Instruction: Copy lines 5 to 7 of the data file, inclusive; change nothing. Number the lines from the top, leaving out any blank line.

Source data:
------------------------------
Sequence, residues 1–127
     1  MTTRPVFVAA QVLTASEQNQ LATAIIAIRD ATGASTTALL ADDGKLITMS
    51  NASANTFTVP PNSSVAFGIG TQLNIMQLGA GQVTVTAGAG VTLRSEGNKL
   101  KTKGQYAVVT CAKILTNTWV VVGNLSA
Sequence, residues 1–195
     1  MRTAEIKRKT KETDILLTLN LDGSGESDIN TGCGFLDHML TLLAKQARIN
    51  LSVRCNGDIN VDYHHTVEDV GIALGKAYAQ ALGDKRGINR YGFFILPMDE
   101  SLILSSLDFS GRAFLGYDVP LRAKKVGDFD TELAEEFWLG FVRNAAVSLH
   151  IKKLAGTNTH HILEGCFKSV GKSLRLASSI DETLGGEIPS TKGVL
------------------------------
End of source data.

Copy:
Sequence, residues 1–195
     1  MRTAEIKRKT KETDILLTLN LDGSGESDIN TGCGFLDHML TLLAKQARIN
    51  LSVRCNGDIN VDYHHTVEDV GIALGKAYAQ ALGDKRGINR YGFFILPMDE